Miami-Dade County’s Commission races will come to a close in less than a week, but the campaigning is far from over for candidates Keon Hardemon and Gepsie Metellus. Their District 3 race is one of the most highly funded and talked about political races in the city this year.
The seat is up for grabs this year, as the current commissioner, Audrey Edmonson, approaches her term limit. Six candidates ran to replace her in the Aug. 18 primary, and now just two of them, Hardemon and Metellus, remain for the Nov. 3 runoff.
District 3 is a very diverse area. It includes the historically Black neighborhoods of Overtown, Liberty City and Little Haiti, but also Midtown, Wynwood, Edgewater and Miami Shores. According to statistics from the Miami-Dade Department of Elections, 44.2% of the district’s registered voters are Black, while 33.6% are Hispanic and 14.1% of them are white.
Hardemon, 36, is an attorney and the current Miami commissioner representing city District 5, which is located inside the bounds of the county’s District 3. He’s also a member of the locally renowned Hardemon family, whose political influence can be traced back to the 1980s.
Hardemon won 49.2% of votes in the primary, just eight decimal points shy of the 50 percent needed to avoid a runoff. He’s also raised over a million dollars in campaign funding, through the help of One Miami-Dade and Improve Miami – two political committees run by his aunt, Barbara Hardemon.
Meanwhile, Metellus, who is 60, is the executive director of Sant La Haitian Community Center in North Miami and has served the community in several different roles for the last 30 years.
She won 21.2% of votes in the primary and rose close to $300,000 for her campaign.
When it comes to the issues Miami-Dade and the district face, the two candidates seem to be on a similar page.
They agree the economic fallout from COVID-19 should be addressed immediately. They also both have cited transportation, sustainability, crime and affordability as important for the county to tackle.
So, what sets these two candidates apart? Hardemon claims it’s “relevant experience.”
“The city of Miami is one of the state’s largest cities. We deal with some of the largest budgets and a lot of complex issues,” he said. “This is not the time to have amateur hour.”
Hardemon says his experience in District 5 and proven track record make him the right choice.
“I’ve had the opportunity to really negotiate and play a monumental role in many of the projects that have made the news for Miami-Dade county, brought a lot of tourist attractions, large amounts of real estate,” he said, “and really got to tackle a lot of issues such as affordable housing, homelessness, redevelopment and even transportation.”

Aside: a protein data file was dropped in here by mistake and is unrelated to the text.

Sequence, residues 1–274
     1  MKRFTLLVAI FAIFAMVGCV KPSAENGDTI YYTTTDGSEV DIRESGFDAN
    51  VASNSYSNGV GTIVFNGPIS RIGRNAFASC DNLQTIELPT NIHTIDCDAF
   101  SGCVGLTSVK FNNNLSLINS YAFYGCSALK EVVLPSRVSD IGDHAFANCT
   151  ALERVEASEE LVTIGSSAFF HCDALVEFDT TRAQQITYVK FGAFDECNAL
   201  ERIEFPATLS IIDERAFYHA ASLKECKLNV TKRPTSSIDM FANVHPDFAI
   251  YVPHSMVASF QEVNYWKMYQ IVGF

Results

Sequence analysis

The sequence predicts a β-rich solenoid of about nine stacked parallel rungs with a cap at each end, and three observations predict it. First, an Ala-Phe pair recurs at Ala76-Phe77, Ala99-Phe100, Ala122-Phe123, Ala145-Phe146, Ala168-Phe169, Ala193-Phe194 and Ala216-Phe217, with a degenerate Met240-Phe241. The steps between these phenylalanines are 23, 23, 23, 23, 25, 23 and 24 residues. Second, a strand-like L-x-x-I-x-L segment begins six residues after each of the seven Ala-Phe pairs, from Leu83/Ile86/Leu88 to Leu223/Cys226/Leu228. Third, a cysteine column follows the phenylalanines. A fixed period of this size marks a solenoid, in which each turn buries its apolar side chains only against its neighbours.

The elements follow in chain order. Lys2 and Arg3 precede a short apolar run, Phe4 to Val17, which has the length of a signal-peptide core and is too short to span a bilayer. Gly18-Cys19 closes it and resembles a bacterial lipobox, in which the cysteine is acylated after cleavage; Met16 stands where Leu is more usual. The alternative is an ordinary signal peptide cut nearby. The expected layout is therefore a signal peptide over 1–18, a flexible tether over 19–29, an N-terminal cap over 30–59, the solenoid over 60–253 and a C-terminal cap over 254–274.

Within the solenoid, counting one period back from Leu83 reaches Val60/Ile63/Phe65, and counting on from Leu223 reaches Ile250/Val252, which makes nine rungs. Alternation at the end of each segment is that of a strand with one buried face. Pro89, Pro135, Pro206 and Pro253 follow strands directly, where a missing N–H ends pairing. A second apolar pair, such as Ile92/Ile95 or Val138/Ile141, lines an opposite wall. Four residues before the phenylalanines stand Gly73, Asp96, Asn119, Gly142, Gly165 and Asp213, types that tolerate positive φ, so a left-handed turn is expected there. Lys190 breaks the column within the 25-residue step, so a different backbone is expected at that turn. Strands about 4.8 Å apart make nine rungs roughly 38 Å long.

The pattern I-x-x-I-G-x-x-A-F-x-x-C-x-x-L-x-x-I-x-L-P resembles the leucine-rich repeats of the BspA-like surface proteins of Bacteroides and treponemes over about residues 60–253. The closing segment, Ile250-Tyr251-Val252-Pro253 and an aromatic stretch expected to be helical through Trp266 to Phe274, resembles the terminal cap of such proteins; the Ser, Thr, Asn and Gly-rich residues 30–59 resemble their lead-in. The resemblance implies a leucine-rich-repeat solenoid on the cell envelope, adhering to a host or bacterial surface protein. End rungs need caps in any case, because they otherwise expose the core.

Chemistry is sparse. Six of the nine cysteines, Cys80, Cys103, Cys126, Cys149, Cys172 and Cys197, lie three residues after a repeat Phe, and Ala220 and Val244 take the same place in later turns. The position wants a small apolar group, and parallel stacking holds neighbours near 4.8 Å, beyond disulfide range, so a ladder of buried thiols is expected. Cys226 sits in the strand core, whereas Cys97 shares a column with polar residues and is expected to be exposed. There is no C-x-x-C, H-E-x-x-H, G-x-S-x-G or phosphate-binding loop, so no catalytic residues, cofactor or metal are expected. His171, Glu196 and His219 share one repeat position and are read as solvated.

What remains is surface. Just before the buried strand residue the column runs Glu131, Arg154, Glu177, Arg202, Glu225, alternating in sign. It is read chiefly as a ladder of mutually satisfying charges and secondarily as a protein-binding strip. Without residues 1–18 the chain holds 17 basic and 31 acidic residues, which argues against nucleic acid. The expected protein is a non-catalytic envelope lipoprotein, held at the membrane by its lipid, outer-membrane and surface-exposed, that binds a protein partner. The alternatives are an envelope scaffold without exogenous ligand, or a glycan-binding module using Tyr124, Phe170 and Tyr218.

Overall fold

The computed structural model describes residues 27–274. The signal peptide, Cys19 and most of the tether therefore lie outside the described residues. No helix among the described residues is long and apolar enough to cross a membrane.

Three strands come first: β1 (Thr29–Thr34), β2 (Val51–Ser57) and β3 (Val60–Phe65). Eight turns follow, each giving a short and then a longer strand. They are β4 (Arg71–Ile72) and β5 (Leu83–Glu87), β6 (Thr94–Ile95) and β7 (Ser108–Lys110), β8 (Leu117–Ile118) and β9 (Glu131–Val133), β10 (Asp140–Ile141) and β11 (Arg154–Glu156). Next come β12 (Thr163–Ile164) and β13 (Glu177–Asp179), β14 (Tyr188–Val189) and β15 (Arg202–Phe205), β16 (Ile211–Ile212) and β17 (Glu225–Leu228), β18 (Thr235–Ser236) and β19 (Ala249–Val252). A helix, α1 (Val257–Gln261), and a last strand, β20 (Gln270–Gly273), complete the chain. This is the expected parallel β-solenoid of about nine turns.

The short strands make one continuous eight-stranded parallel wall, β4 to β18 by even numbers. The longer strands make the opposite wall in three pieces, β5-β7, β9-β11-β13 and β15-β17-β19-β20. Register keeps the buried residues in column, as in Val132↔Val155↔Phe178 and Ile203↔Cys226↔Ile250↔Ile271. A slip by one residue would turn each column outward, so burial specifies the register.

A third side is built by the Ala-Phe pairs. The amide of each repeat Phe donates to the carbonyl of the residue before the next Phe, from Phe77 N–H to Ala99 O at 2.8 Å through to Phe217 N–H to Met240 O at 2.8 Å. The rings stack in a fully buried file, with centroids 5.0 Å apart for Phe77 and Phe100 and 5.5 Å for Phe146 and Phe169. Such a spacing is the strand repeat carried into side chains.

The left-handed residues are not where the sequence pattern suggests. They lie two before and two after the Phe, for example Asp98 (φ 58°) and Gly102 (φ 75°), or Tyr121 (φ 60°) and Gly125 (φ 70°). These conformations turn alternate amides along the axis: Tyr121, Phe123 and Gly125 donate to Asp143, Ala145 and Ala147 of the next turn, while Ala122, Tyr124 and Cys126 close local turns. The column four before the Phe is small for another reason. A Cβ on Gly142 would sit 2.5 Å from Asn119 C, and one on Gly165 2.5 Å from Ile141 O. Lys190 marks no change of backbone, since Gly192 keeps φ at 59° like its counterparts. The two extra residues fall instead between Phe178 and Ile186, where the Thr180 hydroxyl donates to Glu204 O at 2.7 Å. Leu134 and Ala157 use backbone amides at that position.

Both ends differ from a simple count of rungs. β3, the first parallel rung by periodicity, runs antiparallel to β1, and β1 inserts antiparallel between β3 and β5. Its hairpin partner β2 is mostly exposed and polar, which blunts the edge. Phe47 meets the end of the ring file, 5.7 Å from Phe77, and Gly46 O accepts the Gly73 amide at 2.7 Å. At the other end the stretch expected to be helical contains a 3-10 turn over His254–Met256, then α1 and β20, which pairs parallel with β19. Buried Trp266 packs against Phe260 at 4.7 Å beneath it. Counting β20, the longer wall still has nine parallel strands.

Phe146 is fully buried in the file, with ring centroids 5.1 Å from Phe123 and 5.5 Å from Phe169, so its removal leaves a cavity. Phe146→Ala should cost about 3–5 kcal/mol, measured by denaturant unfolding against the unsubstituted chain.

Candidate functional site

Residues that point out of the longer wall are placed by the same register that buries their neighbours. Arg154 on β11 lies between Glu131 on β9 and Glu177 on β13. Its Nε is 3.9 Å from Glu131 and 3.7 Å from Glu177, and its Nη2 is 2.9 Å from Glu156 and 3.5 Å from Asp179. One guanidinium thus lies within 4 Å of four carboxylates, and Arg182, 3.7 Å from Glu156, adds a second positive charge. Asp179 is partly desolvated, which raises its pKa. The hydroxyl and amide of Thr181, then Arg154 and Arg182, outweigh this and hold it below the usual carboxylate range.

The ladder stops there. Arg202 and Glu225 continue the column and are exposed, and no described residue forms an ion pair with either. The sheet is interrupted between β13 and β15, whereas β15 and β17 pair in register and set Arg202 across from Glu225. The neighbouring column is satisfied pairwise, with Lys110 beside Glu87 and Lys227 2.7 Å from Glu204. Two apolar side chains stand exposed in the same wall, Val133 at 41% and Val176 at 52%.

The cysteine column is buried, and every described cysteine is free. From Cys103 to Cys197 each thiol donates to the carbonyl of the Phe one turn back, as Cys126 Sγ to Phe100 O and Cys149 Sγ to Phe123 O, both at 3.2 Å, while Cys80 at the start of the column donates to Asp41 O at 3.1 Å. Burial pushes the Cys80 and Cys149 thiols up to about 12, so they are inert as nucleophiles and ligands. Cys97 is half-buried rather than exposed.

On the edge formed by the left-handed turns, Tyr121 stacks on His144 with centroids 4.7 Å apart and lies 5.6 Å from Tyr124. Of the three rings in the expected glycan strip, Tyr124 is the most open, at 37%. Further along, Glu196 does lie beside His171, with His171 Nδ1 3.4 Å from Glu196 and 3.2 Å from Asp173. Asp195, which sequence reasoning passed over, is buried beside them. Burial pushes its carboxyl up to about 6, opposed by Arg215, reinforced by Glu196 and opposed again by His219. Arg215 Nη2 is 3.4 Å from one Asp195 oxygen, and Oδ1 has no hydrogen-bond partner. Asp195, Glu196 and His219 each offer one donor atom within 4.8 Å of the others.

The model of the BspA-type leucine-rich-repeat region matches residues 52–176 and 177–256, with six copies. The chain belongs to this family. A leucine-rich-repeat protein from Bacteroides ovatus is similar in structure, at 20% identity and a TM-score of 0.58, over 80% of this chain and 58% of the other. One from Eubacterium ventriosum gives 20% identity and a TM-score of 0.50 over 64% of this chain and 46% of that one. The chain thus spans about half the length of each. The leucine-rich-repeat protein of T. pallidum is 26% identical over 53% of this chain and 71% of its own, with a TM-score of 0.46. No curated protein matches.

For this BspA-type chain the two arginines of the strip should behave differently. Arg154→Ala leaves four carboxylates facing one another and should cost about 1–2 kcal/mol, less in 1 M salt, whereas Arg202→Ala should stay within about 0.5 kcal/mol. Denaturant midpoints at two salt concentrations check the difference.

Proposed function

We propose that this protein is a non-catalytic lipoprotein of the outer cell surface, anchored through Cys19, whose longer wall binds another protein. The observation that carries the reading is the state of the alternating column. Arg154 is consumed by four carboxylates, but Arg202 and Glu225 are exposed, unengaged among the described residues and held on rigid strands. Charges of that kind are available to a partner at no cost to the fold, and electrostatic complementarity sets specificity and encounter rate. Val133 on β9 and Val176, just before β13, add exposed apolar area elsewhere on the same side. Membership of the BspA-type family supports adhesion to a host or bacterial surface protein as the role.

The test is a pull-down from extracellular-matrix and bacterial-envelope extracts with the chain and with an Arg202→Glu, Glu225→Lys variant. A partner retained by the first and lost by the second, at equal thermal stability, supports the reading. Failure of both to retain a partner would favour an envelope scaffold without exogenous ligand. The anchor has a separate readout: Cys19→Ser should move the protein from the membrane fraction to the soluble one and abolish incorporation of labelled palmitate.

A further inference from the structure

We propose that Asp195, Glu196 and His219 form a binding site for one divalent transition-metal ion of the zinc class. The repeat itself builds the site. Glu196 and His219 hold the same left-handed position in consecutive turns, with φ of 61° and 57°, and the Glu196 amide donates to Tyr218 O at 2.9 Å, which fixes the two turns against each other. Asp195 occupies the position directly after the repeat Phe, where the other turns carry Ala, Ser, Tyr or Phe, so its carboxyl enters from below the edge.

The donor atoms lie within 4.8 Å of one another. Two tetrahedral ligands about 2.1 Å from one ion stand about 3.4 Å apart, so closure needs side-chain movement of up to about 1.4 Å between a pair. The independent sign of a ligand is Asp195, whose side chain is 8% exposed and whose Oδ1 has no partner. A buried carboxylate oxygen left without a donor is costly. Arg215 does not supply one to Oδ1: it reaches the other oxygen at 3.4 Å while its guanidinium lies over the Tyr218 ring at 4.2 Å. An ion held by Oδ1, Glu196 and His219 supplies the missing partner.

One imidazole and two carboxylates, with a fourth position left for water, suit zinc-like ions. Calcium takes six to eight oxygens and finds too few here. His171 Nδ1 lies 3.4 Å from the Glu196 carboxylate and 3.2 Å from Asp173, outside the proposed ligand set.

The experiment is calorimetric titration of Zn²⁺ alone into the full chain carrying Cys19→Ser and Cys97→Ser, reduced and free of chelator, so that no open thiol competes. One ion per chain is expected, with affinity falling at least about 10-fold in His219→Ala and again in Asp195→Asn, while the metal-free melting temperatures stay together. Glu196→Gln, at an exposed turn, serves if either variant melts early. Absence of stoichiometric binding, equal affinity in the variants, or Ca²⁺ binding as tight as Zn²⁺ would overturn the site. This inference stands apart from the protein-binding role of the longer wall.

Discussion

Metellus responded to Hardemon’s comment about her lack of experience by saying, “He is a former commissioner in a different jurisdiction, so yes, I imagine that counts as something. But in my view, I can look at my experience being Director of Public Affairs for the county commissioner of District 3 many years ago, and say that I have a first-hand view in terms of county functioning and policymaking.”
Metellus also spoke about her experience serving as an educator and community leader.
“I have been active, engaged and present in a number of community issues, ranging from education, to refugees, to immigration, to climate change — you name it,” she said.
Metellus added, “As I walk around and talk to residents, they can’t tell me how his tenure on the city commission has benefited people. All I hear are complaints about his non-visibility, about his absence, about the fact that when you call for a meeting you don’t get a call back.”
Others claim that the important difference between the two isn’t their experience, but their genders.
Commissioner Edmonson endorsed Metellus in an op-ed article for The Miami Times this week. She wrote, “When women of color are involved in leadership, our community is better off for it.”
“Miami-Dade is rich in diversity and it is critical that we have a county commission that is representative of all our communities, both in gender and in race,” Edmonson wrote.
Hardemon responded to Edmonson’s endorsement by saying she’s “mistaken” if she thinks voters will follow her recommendation.
“I think that the people in the community are going to speak, and they’re going to speak loudly, that they want to move their community forward with proven leadership and proven results,” Hardemon said.
Both candidates are, without a doubt, eager to serve and full of passion.
“I come into this with a heart of service, with a goal to serve honestly, honorably, with transparency, and accountability,” Metellus said.
“We made such tremendous progress in District 5. Mayor Francis Suarez said it most recently at a groundbreaking,” Hardemon said. “He said I was the best commissioner that District 5 has ever had, and he looks forward to me serving in District 3.”
On Nov. 3, voters will have the chance to settle this debate, and decide for themselves who’s the best fit for District 3 and Miami-Dade County overall.
Whether this race will be decided on money, experience or gender will remain a mystery until then.